• Monday, February 29, 2016
  • 1–2 p.m. eastern time (10–11 a.m. Pacific time)
  • After registering, you’ll receive a confirmation email with instructions for joining the webinar
  • Space is limited, don’t delay!

Register online now!

Nan McKay and Associates is a proud partner of GoSection8, the largest rental listing service for the Section 8 housing program, serving tenants, landlords, and public housing agencies across the United States since 2004. To learn more about how you can bring Go8 to your agency, email sales@nanmckay.com.

Community service reports now available

HUD’s Office of Public and Indian Housing (PIH) has announced the availability of four new reports to assist PHAs in administering the community service and self-sufficiency requirement (CSSR). Plans for release of the reports were announced in Notice PIH 2015-12, published in August 2015. The notice and the new reports were issued to assist PHAs’ understanding and administration of the CSSR and in response to an audit report from the Office of Inspector General (OIG) issued in February 2015.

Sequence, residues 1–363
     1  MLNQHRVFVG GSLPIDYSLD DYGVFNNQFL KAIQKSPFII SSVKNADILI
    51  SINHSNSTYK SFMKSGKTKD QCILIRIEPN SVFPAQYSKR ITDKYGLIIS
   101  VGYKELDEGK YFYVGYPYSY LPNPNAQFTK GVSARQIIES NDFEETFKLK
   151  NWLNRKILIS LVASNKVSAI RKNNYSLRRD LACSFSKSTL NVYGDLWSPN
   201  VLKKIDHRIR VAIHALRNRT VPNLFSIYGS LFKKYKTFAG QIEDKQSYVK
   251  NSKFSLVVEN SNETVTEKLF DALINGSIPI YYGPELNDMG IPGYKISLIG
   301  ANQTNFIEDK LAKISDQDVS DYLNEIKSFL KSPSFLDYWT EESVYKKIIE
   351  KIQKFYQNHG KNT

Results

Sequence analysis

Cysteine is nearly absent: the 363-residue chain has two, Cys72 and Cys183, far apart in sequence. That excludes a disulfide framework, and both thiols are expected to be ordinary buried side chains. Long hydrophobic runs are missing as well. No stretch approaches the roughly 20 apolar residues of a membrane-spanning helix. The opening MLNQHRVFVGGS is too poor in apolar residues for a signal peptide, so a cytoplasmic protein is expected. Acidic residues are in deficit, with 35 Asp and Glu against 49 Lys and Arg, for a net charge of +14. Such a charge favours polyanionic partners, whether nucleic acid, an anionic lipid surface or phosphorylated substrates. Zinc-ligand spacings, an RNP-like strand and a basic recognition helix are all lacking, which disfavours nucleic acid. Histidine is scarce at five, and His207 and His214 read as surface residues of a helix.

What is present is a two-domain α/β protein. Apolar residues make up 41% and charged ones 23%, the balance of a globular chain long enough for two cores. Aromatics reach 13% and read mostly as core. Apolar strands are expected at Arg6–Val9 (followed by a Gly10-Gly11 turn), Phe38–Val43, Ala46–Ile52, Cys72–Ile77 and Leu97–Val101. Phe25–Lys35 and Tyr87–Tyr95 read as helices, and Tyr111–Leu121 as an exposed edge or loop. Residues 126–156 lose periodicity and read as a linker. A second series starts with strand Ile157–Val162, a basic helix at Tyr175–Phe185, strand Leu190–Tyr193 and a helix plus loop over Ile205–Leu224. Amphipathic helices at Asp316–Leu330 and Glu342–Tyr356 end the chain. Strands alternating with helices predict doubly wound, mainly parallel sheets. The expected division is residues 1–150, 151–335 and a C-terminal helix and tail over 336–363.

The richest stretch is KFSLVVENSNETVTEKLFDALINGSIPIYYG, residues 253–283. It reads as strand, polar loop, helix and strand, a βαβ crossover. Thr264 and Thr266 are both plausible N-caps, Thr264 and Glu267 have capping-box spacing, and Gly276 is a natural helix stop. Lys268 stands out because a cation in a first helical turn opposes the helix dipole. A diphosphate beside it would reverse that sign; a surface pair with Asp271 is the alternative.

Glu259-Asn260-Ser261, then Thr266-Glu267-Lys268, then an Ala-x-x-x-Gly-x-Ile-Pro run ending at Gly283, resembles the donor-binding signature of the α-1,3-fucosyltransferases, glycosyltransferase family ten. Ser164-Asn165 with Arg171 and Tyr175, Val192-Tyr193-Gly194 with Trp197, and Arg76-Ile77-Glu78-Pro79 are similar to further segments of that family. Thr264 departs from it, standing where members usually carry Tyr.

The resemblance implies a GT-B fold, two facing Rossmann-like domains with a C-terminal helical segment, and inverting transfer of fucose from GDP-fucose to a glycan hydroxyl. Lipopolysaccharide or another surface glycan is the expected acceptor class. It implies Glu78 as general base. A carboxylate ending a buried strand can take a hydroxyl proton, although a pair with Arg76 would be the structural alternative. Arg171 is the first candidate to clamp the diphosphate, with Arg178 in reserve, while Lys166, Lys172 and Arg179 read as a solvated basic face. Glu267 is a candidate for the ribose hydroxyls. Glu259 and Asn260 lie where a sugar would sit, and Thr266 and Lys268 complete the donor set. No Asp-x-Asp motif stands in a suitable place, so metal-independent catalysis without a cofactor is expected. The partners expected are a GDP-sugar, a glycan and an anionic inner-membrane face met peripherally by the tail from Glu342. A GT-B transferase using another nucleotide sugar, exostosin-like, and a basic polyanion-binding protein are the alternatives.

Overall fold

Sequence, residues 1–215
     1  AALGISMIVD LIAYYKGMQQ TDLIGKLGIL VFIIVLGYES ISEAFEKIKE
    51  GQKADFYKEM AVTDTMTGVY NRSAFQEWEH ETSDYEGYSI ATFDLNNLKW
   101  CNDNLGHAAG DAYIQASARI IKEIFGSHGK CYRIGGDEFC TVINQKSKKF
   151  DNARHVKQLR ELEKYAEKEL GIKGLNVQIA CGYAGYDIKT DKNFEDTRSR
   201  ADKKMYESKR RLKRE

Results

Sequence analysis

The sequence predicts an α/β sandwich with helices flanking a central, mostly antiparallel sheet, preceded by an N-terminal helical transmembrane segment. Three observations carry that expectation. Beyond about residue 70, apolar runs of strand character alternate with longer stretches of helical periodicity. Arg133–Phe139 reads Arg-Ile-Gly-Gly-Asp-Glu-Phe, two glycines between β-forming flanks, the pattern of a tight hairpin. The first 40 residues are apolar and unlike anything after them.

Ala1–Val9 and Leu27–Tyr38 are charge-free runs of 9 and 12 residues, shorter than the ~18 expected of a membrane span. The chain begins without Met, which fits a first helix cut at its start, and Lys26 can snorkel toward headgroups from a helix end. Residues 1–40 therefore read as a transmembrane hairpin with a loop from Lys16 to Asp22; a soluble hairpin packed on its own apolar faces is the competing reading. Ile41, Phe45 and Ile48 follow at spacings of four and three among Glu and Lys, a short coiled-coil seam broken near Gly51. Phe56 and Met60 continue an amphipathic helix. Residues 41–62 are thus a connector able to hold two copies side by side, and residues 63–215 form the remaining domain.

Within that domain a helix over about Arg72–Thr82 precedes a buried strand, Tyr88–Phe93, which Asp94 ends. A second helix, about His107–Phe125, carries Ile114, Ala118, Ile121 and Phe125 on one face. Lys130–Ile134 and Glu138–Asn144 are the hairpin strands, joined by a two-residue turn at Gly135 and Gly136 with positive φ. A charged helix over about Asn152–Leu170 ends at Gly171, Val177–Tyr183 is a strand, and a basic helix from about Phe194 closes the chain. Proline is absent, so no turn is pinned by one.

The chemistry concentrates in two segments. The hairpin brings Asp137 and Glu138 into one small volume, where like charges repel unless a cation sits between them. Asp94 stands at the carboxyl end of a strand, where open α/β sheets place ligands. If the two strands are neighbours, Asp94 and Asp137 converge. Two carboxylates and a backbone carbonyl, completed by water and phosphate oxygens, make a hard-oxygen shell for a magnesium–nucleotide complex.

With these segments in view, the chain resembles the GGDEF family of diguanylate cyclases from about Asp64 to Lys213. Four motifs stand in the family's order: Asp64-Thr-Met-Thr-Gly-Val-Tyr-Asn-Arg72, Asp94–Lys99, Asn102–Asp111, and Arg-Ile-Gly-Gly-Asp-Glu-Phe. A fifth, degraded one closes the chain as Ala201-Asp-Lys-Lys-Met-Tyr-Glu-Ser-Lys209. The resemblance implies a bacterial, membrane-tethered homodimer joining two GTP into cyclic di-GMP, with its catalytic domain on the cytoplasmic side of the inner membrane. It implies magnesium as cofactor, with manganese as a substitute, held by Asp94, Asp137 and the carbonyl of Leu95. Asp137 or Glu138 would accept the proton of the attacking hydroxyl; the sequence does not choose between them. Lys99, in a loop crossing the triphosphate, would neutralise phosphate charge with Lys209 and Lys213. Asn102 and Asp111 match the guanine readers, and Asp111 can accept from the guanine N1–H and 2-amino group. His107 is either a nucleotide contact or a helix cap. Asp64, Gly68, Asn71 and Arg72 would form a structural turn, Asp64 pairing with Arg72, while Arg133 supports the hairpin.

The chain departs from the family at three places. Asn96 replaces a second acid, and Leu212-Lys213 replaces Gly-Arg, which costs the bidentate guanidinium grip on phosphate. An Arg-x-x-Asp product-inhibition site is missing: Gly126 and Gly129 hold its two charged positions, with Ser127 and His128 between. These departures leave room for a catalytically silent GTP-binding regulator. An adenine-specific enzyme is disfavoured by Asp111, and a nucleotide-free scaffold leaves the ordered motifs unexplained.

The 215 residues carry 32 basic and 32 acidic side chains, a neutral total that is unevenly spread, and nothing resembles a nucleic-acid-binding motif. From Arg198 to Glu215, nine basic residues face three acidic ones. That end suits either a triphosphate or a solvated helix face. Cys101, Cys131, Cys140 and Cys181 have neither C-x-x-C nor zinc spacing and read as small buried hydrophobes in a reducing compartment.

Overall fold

The new reports, which will be provided to PHAs quarterly, include:

  • A CSSR summary report
  • A list of household members listed as noncompliant in HUD’s Inventory Management System/Public and Indian Housing Information Center (IMS/PIC)
  • A list of “potentially misreported exempt tenants—non-disabled”
  • A list of “potentially misreported exempt tenants—disabled”

The announcement notes that the third and fourth reports do not necessarily point to problems requiring correction. They are provided to assist PHAs in identifying potentially misreported tenants.

Instructions for accessing the reports are provided in the announcement. PHAs must save the reports to a local server by February 12. The web page will no longer be available after that date.

To stay updated on the latest program information, subscribe to the PIH Alert and receive a daily email with news and analysis for PHAs and housing professionals.

Q&A: Underpaid subsidies due to PHA error

Q&A: Underpaid subsidies due to PHA errorQUESTION    It’s recently come to my agency’s attention that some of our clients have been paying too much rent. This was due to a calculation glitch and applies to both public housing (PH) residents and participants in the housing choice voucher (HCV) program.